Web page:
Unfortunately, the sexual edge he is pushing her over is not a healthy edge. If she has sex with him, it’s because he couldn’t accept her “no.” This leaves her to resent him. While their genitals may be fornicating, the love and connection in both of them is numb.

If Chris can’t convince her to change her mind, he starts to act like a sad puppy. He sulks, whines, and may even bite her with criticism. He might even ignore her altogether.

Whatever happens, his negative response to her “no” is punishing Lacey. The subcontext of his actions are sending the following message: “It’s not okay for you to say no. It’s not okay for you to be your own person with a desire that doesn’t match mine.”

Obviously, none of this is going to put Lacey in the mood.

In fact, it will do the exact opposite. It will escalate the tension and resentment between them. It will reduce her desire to have sex the next time he asks.

Over time, Lacey turns into a sexually dormant women. She is emotionally blocking her erotic nature by the wall of her resentment.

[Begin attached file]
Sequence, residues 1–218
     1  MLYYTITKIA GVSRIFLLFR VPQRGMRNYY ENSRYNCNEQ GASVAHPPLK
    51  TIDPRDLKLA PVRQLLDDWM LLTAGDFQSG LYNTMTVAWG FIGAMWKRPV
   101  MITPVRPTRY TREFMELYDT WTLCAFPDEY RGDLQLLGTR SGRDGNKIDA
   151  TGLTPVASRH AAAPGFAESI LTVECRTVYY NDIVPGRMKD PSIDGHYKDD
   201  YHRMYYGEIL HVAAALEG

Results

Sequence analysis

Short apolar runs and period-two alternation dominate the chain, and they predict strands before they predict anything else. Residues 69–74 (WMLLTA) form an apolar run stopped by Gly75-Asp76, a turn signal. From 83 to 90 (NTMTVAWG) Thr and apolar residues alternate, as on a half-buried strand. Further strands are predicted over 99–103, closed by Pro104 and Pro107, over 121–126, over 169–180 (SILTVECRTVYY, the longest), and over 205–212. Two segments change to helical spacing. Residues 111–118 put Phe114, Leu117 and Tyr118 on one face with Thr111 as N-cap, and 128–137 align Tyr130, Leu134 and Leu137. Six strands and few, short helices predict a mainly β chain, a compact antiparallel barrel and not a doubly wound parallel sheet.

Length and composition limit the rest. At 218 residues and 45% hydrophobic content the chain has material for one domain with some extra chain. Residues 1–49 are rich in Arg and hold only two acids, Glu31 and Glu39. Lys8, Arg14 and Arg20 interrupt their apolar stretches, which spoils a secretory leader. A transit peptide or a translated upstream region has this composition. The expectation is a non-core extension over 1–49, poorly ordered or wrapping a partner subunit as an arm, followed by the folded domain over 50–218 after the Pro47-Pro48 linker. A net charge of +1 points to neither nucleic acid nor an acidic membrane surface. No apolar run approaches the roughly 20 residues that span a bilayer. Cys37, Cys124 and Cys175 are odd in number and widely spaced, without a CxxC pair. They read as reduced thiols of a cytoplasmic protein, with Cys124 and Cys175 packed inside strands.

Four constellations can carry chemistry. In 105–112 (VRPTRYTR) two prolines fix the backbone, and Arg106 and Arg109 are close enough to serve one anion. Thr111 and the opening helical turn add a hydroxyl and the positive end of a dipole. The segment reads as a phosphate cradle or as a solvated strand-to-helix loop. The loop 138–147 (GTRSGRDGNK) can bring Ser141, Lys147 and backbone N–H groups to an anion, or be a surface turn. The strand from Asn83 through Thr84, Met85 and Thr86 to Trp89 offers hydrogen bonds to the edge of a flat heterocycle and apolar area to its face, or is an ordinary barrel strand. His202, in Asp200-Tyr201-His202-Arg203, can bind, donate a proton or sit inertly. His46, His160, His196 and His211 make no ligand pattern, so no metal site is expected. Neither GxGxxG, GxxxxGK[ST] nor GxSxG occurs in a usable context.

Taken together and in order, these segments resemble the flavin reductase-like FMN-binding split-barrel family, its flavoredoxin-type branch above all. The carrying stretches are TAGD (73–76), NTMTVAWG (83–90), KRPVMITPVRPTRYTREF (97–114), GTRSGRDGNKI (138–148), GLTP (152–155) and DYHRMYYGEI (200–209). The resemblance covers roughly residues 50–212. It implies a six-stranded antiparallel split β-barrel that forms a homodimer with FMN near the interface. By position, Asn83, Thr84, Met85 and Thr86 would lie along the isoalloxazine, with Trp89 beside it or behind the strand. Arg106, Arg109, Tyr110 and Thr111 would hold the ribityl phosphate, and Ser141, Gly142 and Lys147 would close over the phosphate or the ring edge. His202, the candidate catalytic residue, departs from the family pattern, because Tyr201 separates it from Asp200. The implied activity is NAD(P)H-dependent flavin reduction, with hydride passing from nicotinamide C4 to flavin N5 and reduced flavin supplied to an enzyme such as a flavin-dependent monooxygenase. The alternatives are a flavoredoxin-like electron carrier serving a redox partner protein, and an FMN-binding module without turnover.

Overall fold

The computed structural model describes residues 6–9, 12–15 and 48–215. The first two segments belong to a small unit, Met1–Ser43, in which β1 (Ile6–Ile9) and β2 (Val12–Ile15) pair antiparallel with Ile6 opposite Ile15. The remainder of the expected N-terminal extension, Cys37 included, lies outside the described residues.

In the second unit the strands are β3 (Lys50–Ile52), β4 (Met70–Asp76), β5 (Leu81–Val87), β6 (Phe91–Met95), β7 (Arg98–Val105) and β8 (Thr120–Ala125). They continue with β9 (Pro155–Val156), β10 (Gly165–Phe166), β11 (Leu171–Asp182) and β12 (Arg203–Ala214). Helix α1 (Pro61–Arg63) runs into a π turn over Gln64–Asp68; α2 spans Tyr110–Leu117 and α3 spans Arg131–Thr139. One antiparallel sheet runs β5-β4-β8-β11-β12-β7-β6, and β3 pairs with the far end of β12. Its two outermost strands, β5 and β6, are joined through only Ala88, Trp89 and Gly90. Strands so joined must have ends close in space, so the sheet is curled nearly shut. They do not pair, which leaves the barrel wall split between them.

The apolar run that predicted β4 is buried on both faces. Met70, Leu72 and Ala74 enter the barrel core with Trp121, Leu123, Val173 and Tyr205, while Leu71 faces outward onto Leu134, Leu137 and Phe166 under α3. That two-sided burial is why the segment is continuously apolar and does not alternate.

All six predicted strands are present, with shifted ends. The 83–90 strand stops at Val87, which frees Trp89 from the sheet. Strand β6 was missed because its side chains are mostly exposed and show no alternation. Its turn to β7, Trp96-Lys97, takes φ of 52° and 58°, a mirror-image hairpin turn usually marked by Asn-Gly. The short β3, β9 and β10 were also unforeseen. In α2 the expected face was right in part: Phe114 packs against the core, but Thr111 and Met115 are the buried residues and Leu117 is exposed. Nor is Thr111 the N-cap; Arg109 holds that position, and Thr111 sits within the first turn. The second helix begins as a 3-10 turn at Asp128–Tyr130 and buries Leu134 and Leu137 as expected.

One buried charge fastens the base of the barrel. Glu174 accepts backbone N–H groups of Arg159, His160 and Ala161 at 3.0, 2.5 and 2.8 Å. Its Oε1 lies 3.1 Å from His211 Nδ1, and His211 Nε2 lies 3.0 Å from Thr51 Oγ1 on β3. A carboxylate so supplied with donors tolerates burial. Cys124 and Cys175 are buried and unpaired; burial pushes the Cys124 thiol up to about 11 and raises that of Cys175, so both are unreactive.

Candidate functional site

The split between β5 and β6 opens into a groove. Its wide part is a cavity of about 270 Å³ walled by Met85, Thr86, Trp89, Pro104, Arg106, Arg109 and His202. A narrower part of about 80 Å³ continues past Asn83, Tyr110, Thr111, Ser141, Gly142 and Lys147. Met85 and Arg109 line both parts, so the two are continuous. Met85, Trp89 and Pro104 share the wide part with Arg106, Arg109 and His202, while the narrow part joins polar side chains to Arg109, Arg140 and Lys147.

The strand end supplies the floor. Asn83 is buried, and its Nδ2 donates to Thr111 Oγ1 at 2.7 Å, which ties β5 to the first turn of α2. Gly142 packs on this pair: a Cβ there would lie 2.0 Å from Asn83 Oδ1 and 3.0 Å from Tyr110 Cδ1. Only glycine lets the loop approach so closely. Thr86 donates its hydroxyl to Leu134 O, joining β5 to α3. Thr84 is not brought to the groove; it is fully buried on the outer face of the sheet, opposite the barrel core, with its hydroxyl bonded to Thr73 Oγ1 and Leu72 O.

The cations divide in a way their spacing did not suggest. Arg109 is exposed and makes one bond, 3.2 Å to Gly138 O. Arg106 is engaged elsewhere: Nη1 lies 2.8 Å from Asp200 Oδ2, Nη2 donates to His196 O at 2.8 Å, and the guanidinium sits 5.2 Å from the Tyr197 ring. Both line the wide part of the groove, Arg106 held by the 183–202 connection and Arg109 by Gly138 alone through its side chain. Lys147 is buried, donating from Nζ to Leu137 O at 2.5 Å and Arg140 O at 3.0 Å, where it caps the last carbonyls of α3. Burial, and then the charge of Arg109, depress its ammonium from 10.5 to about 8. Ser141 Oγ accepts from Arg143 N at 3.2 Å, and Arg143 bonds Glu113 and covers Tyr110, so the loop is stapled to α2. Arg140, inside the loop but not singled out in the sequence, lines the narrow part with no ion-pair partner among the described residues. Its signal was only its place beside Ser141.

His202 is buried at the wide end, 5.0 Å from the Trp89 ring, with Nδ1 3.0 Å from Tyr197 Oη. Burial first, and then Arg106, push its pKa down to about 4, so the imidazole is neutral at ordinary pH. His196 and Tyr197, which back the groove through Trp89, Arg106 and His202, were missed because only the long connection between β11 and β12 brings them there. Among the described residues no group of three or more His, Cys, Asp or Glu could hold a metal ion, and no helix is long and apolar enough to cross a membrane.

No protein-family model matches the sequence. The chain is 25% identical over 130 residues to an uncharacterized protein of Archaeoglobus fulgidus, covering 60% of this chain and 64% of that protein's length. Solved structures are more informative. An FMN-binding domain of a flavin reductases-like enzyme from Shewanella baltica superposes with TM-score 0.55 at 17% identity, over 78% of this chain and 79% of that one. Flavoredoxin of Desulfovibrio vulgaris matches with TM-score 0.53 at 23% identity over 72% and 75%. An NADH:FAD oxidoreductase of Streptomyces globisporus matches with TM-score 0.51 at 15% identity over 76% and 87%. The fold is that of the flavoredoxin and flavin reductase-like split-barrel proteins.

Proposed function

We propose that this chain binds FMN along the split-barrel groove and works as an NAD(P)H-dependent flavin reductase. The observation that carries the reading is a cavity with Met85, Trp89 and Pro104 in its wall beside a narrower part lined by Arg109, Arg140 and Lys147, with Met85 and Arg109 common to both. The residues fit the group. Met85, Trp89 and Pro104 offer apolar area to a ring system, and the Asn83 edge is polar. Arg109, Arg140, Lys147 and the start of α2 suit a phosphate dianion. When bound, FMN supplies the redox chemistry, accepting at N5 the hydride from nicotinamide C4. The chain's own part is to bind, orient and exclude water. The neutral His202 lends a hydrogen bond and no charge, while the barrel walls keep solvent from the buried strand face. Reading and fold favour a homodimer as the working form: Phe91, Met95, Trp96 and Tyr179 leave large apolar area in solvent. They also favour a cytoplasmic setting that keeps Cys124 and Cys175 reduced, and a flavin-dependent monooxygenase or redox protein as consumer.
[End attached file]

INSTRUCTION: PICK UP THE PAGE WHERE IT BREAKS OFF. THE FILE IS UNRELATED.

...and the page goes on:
Let’s Explore an Alternative Reality

As Lacey turns down Chris for sex, Chris accepts it. Just like that. He doesn’t hold a grudge or make up a theory that she is cheating on him. He doesn’t view sex as a right or an expectation he deserves when he wants it. Sex, for both partners, is a choice made every single day. It is not a mandatory obligation.

For example:

Lacey: “Not tonight. I feel sick from dinner.”
Chris. “I’m sorry, babe. I hate that feeling. It makes me not want to do anything either. I love you.”
Chris’s caring response is a far cry from the traditional “you always feel sick” complaint.

This caring response is far more effective. Receiving a positive response from Chris for turning down sex does not cause Lacey to say “no” more often in the future. His actions reinforce that he loves Lacey despite not getting what he wants.

His words remind her at her core that their sex life is about making love, not increasing the frequency just so Chris can release his sexual tension. To her, saying “no” lead to Chris making her feel loved.

Sex becomes more frequent in a relationship of loving responses. It cultivates trust and togetherness, leading to more erotic and passionate lovemaking.

Whether we realize it or not, we constantly rate our relationships. We value our partner’s responses in every single exchange we have. We are constantly reinforcing or amending the “story of us.”